In some cases you may be allocated a block of IP addresses smaller than a /24. This is referred to as a Classless Delegation and is explained in technical detail in RFC 2317.
For example, if your ISP allocated the block 192.168.5.224/27 (the 32 IP addresses from 192.168.5.224 to 192.168.5.255), the reverse DNS for this zone would be served out of a zone named
Once the zone is created, you'll be able to create PTR entries within this zone for each individual IP address. As an example, to map the IP address 192.168.5.226 to mail.example.com, you would enter:
Once you have setup the Custom DNS zone for this block, you need to have the block delegated to us. Contact your ISP and have them create NS records for the zone:
224-188.8.131.52.in-addr.arpa. 86400 IN NS ns1.mydyndns.org.
224-184.108.40.206.in-addr.arpa. 86400 IN NS ns2.mydyndns.org.
224-220.127.116.11.in-addr.arpa. 86400 IN NS ns3.mydyndns.org.
224-18.104.22.168.in-addr.arpa. 86400 IN NS ns4.mydyndns.org.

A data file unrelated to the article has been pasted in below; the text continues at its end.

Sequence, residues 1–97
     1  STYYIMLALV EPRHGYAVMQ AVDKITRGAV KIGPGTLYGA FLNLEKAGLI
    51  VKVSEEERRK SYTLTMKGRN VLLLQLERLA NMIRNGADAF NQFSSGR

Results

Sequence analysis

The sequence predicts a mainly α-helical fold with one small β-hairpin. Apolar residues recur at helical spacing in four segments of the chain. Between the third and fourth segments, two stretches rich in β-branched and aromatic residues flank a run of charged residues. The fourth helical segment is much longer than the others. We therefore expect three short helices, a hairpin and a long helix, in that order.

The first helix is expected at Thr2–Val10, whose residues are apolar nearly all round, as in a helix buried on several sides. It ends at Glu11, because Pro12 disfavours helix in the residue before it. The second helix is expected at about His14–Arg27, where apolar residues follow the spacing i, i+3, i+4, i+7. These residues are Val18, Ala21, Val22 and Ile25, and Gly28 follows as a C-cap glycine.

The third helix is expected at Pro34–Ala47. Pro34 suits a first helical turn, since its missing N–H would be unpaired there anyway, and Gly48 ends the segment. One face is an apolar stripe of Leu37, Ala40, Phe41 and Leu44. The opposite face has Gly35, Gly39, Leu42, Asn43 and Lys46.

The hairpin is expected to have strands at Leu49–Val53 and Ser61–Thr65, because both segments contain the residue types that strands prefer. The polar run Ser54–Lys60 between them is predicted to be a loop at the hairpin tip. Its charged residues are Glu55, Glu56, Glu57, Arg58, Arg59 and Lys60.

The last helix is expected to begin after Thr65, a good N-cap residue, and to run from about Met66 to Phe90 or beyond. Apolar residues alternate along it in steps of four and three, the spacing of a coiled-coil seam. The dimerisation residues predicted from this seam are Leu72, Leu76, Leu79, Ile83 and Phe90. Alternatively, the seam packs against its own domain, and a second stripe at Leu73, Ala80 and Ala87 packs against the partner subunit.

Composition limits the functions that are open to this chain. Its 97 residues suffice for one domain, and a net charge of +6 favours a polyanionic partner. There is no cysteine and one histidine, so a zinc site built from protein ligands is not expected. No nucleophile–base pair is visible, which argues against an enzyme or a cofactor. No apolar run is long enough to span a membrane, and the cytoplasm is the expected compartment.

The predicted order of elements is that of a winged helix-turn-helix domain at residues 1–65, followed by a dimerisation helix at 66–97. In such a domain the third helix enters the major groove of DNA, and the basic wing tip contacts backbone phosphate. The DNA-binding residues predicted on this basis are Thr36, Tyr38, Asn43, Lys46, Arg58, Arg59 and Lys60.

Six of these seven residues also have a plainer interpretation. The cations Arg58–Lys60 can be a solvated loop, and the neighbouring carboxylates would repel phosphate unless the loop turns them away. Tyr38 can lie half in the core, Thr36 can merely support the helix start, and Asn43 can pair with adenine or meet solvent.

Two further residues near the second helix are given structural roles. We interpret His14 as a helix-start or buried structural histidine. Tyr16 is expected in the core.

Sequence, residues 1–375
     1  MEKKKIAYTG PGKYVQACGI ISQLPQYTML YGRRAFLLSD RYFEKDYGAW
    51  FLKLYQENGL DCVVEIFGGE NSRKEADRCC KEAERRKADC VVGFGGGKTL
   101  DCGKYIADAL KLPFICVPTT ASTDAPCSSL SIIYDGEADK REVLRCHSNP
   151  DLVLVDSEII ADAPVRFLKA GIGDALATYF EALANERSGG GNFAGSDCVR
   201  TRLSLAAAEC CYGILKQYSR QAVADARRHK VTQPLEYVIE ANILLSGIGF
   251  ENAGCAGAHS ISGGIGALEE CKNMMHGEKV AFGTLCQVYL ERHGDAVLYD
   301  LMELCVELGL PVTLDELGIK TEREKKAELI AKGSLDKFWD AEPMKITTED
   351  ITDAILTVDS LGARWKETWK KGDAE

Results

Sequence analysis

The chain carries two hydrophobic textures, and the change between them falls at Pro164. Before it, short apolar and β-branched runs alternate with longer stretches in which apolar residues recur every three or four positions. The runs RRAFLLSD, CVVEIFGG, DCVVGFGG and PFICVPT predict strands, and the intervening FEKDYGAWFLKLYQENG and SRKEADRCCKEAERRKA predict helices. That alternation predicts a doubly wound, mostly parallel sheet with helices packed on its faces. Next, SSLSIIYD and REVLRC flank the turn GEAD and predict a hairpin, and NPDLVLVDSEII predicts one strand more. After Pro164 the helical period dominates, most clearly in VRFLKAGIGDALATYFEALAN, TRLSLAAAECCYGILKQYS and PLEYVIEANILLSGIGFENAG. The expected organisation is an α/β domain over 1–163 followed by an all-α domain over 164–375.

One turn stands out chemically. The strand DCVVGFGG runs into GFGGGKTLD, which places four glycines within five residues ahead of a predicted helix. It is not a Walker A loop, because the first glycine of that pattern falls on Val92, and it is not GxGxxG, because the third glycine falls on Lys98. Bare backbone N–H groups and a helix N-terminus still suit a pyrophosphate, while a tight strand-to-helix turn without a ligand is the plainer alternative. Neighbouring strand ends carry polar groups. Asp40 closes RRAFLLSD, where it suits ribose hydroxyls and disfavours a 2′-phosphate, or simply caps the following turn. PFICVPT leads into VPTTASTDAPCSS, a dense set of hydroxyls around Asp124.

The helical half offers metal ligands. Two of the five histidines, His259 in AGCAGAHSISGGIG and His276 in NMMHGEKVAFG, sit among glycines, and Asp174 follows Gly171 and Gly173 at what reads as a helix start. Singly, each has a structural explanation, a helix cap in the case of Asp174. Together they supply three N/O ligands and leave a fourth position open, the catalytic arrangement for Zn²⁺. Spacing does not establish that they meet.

224-22.214.171.124.in-addr.arpa. 86400 IN NS ns5.mydyndns.org.
Your ISP will ALSO need to create individual CNAME records for each IP address they have delegated to you. These CNAME records map the IP addresses into the new name space that has been defined via the 224-126.96.36.199.in-addr.arpa zone.
188.8.131.52.in-addr.arpa. 86400 IN CNAME 224.224-184.108.40.206.in-addr.arpa.
220.127.116.11.in-addr.arpa. 86400 IN CNAME 225.224-18.104.22.168.in-addr.arpa.
22.214.171.124.in-addr.arpa. 86400 IN CNAME 226.224-126.96.36.199.in-addr.arpa.
Until those changes are made, DNS queries for those IP addresses won't come to us, so it is not enough to simply create the zone. You MUST get it delegated to us and have the CNAME entries created in order for the reverse DNS to function.